Scam Watch has previously written about scammers using artificial intelligence to imitate the voices of loved ones in distress so they can cheat their victims out of money. Generative AI is providing scammers with other tools to trick the public, through words and images, and travel guides are not the sole example. According to The Times, the technology is creating books on cooking, gardening, religion, medicine, and self-help that may look original but merely pull together old material that lacks the value consumers believe they are paying for.

White House Responds to Cyberattacks of K-12 Schools

Young girl looking at laptopIn the 2022-23 academic year, cyberattacks became a disruptive reality in  a growing number of school districts around the United States. At least eight school districts in different regions were affected, including schools in Los Angeles and New York City. Four school districts actually had to cancel classes. In these data raids, hackers captured highly personal data including student grades, health records, and financial information. In addition, details about school security systems were exposed.

When such attacks occur, students pay a big price: Following such incidents, education may be set back by as much as three weeks, according to a 2022 U.S. Government Accountability Office report.

Against this backdrop, the Biden Administration recently called together stakeholders in education including representatives of schools, government, and the private sector, to discuss a range of steps to protect students’ personal information. Among the measures:

  • The Federal Communications Commission proposed spending up to $200 million over three years to bolster cyber defenses in schools and libraries, while working with other federal agencies.
  • The Department of Education will create a coordinating body to optimize efforts of federal, state, local, tribal, and territorial officials to enhance defenses of K-12 schools against hackers.
  • U.S. education and cybersecurity officials released new guidance to help schools establish digital infrastructures that are harder for hackers to penetrate.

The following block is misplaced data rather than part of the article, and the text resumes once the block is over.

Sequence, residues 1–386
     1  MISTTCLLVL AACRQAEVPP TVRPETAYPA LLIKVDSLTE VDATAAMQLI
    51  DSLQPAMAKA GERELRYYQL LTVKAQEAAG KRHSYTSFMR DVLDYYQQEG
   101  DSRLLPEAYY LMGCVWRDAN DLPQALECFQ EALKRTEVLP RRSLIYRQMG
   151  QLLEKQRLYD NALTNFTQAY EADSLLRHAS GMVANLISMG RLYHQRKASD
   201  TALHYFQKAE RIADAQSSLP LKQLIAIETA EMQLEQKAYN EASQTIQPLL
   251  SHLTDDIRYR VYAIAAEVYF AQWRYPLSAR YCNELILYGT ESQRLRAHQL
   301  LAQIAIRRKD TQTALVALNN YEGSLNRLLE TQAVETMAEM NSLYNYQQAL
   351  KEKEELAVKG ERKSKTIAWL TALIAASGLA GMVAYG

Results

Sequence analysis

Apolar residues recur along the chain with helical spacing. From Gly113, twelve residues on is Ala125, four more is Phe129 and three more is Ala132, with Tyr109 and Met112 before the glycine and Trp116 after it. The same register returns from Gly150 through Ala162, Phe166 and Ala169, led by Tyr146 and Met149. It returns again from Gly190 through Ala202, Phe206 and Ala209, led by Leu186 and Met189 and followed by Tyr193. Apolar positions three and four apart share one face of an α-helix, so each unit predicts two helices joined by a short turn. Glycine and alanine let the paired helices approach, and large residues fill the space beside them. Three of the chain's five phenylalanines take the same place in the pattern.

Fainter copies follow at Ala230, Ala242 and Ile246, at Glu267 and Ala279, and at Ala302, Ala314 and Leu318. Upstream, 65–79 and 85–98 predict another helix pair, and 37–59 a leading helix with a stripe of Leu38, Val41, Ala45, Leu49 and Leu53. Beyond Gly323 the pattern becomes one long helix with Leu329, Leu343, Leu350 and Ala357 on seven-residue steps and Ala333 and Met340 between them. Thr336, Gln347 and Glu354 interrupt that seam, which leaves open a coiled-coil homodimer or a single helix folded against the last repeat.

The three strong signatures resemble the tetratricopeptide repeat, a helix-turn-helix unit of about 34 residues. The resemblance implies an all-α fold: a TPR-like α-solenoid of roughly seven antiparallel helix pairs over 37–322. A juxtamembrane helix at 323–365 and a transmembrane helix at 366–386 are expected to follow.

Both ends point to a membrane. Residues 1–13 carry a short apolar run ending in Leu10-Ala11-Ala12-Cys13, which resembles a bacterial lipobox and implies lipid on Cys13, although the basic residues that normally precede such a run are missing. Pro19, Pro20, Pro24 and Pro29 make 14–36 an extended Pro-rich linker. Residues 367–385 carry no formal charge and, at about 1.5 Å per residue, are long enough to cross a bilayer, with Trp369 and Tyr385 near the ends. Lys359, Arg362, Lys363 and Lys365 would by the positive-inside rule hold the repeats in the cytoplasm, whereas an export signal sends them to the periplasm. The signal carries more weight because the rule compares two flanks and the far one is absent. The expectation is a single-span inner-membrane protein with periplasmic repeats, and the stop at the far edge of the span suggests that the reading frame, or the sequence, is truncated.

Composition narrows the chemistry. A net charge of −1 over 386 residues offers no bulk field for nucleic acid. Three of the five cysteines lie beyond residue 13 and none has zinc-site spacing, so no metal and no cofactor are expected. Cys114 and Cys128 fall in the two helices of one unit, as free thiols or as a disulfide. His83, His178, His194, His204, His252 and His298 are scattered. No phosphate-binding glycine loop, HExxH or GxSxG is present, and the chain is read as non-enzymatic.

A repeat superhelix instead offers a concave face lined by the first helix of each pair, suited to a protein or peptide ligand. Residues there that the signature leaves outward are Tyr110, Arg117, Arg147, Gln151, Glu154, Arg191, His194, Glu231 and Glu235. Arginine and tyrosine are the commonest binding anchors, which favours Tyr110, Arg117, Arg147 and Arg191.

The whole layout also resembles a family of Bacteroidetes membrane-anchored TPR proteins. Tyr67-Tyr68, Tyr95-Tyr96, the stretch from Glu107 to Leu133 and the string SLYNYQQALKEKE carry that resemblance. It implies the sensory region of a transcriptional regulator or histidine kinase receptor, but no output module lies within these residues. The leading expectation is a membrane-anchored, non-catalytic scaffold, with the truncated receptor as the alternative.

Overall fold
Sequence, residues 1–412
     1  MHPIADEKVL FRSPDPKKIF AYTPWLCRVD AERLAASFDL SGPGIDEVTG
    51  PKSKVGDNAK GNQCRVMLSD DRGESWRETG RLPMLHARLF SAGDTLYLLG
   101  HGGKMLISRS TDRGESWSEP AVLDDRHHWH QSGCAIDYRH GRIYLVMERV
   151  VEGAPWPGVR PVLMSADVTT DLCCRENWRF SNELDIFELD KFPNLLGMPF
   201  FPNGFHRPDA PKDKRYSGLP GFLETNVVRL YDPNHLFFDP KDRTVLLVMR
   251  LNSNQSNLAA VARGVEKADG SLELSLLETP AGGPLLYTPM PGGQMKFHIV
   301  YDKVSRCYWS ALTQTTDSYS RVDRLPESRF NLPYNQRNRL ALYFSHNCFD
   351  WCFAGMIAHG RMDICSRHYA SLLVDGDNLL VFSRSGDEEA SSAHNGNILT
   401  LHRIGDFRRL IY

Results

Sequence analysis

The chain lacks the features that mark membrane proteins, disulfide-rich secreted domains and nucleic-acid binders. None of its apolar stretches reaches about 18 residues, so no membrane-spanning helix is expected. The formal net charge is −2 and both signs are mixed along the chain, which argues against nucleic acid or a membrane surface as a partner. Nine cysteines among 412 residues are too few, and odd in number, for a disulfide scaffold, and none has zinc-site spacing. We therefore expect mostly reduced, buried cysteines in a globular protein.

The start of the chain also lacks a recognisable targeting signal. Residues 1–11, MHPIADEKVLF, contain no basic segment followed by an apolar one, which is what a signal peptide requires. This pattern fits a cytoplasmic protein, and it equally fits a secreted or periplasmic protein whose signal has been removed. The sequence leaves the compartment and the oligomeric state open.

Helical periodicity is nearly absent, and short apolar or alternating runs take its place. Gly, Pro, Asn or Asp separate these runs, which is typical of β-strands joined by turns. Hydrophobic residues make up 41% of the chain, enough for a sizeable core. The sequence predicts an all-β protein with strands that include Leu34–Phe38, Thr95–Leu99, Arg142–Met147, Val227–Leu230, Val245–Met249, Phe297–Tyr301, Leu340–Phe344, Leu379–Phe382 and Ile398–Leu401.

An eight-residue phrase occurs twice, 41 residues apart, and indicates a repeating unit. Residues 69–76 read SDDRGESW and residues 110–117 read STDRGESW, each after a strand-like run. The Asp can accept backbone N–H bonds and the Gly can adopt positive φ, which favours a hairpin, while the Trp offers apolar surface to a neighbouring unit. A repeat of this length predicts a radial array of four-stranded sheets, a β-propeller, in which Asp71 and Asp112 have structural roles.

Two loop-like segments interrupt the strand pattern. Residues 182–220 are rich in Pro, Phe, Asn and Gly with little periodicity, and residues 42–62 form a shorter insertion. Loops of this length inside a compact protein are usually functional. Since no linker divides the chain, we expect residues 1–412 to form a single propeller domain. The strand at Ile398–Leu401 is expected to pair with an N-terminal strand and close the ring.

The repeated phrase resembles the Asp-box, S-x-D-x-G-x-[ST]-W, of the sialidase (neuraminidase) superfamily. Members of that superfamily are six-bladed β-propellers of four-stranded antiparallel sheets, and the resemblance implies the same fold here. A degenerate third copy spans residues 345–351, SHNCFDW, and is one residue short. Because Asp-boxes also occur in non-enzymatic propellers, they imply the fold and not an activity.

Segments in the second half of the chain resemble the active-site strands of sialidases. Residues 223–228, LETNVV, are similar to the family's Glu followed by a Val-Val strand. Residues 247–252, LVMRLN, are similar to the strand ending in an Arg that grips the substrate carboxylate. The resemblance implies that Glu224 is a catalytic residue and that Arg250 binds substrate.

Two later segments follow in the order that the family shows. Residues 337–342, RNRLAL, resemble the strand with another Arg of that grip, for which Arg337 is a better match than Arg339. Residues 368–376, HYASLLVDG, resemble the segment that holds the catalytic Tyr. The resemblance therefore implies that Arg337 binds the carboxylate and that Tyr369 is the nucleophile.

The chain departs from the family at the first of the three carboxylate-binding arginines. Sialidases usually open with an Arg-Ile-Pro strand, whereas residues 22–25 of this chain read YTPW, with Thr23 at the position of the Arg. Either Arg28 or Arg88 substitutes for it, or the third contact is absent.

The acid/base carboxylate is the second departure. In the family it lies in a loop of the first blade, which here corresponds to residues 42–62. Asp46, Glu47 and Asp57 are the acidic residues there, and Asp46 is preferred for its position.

Report: Data Breaches Soaring in 2023

The current calendar year is on pace to set an all-time record of data compromises, according to a new report from the Identity Theft Resource Center (ITRC). The nonprofit organization, which tracks data breaches, found there were 1,393 such incidents in the first half of 2023 alone. If that pace continues, it would shatter the previous annual record of 1,862 data compromises in 2021.

Data breach photo illustrationMajor economic sectors were affected, with health care leading the way in data exposures, and financial services reporting a sharp increase. Phishing attacks, in which scammers pretend to represent legitimate companies, and ransomware, used to disable computer systems until victims pay a ransom, were prominent tactics employed to capture data.

“While businesses and individuals may be numb to constant attacks and scams that lead to breaches, it’s important to remain diligent and practice good cyber-hygiene to make any information stolen or exposed less useful for identity criminals,” said Eva Velasquez, the ITRC’s President and CEO.

Using a monitoring platform that alerts you and loved ones to suspicious financial activity and scans the Dark Web on a daily basis – is certainly a great start.